While everyone in the USA focuses on the last days of Cash for Clunkers, our own Scott Pioli signs players who he hopes are not clunkers. Anyone who watched the film of Friday’s game came to a quick conclusion — the offensive line needed retooling. Pioli quickly went to work, landing a pair of offensive lineman from the Miami Dolphins.
Andy Alleman was born in Akron, Ohio. After graduating from high school, he was rewarded a scholarship to Pitt as a defensive end. After two relative unproductive years, he transferred to Akron where he switched positions to offensive guard. After a successful stint at Akron, Alleman was drafted in the third round by the Saints in 2007. He was placed on waivers in 2007 and was claimed by several teams, including the Chiefs, before winding up with the Dolphins. Only 25 years old, he remains young enough to be considered a prospect but mature enough to understand the pro game. At 6-foot-4 and 310 pounds he is expected to bring strength to the center/guard position.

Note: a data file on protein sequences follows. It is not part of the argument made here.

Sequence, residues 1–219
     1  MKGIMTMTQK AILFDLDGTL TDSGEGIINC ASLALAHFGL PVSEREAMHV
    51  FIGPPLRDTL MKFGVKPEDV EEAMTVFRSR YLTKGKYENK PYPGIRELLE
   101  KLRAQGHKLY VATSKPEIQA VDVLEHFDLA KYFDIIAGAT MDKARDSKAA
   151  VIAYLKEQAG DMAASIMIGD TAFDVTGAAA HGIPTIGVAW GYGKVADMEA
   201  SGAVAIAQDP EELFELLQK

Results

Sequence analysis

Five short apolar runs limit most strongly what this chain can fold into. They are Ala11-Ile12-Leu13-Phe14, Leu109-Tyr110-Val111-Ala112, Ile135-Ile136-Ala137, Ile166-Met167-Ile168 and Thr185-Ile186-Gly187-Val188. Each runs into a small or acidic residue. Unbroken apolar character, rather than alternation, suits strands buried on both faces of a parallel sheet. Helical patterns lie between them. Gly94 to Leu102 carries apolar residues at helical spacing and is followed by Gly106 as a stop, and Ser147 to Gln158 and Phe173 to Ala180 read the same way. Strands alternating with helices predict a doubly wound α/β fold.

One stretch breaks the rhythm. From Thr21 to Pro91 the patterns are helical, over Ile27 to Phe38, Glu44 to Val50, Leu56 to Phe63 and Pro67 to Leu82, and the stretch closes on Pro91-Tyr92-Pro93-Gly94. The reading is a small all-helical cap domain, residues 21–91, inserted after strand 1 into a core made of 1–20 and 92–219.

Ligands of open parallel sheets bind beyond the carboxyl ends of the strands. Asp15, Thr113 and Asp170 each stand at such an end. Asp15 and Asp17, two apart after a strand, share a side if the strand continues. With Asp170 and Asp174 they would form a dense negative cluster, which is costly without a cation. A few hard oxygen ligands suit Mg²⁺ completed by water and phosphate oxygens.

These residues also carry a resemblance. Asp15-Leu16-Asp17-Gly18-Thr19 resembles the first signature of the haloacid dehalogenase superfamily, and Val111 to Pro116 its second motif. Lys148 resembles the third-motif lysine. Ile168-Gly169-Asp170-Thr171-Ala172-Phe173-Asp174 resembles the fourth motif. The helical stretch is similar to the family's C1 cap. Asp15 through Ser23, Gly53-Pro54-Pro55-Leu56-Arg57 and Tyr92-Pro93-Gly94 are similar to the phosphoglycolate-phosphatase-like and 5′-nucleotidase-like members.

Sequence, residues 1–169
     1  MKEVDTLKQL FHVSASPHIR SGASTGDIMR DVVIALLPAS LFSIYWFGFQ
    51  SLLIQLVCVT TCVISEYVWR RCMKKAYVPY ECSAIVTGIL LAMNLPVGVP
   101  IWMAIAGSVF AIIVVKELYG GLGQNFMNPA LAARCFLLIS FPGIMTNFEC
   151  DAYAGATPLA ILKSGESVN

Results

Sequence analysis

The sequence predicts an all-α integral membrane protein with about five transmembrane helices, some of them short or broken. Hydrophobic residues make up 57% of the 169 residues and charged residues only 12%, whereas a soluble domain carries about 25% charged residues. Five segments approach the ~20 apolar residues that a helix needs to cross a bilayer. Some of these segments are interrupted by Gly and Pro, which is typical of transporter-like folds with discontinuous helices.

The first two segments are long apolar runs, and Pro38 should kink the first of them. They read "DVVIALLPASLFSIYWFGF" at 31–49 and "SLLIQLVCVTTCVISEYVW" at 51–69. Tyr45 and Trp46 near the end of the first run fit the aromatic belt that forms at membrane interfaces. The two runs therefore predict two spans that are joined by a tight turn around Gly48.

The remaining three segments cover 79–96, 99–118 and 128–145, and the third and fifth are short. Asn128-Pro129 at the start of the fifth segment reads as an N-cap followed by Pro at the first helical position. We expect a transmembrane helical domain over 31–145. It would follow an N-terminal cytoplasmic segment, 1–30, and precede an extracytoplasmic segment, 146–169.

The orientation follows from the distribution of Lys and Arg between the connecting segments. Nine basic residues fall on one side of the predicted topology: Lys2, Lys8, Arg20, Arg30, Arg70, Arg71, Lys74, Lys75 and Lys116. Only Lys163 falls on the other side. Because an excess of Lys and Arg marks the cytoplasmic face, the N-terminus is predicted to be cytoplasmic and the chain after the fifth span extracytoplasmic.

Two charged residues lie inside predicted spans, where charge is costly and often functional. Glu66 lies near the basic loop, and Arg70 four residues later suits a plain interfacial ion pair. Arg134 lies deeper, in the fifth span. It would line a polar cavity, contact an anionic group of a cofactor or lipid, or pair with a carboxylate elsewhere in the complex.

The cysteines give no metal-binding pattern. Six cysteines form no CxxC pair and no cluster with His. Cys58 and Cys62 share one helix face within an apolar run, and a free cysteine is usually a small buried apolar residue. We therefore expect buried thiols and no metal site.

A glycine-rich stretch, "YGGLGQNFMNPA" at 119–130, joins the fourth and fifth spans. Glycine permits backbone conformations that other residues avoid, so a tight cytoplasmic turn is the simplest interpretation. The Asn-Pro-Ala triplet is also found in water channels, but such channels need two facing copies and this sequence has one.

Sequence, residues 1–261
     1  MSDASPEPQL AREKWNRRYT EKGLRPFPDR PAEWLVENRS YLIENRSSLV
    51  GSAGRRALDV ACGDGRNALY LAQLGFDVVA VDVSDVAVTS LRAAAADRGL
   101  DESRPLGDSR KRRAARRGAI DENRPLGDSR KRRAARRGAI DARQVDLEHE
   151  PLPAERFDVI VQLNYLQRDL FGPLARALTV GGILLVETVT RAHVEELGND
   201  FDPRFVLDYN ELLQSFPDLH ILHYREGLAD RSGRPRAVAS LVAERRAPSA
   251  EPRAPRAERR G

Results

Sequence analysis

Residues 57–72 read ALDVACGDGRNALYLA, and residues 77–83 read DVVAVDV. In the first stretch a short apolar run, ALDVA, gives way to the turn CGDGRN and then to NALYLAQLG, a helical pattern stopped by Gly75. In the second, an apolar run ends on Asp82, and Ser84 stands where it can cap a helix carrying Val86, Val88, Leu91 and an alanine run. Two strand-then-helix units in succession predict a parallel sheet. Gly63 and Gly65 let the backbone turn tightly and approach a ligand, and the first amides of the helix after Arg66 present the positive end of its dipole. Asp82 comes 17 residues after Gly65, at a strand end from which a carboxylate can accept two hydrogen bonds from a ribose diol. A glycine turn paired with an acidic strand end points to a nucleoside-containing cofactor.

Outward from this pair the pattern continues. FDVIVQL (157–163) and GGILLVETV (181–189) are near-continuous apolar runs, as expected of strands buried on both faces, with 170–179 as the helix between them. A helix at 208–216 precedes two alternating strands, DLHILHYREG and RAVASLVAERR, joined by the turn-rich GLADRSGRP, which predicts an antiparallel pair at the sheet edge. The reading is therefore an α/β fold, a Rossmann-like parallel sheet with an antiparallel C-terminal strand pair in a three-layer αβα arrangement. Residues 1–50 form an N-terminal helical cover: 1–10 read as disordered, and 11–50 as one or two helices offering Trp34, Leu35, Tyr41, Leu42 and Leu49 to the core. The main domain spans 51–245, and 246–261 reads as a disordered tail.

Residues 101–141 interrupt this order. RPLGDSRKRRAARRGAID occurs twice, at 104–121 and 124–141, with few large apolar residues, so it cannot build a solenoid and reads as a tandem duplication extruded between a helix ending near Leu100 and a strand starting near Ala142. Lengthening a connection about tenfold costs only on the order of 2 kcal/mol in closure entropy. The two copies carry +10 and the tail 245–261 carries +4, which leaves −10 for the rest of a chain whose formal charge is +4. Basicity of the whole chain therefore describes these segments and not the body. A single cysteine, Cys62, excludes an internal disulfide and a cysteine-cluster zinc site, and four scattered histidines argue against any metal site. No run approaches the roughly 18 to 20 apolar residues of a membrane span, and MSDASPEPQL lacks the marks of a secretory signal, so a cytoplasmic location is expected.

Ikechuku Ndukwe is teammate of Alleman who also comes over from the Dolphins. Like Alleman, he is an Ohio native born in Powell, Ohio on July 17, 1982. He attended Northwestern and was a free agent acquisition of the Saints in 2005. Since that time, he has spent time with the Redskins (2005-06), Ravens (2006-07) and Dolphins (last year). Although a classic journeyman at 6-foot-4, 325 pounds, he can play either right guard or tackle.
One of Pioli’s most successful Cash for Clunkers pick-ups was the acquisition of Corey Mays. A free agent out of Notre Dame, Mays spent 2006 initially on the practice squad for the Patriots before being activated in mid-season. In 2008, Mays spent the season with the Bengals. Born in Chicago on November 27, 1983, Mays had an outstanding game Friday sacking Favre and flying to the ball. Besides his physical attributes, Mays had a 4.2 GPA in high school and while at Notre Dame founded a youth support group in Chicago (Positive Concepts).
The above three Cash (waivers or draft choices) for Clunkers (or are they?) may be the beginning of Mr. Pioli’s rebuilding of the Chiefs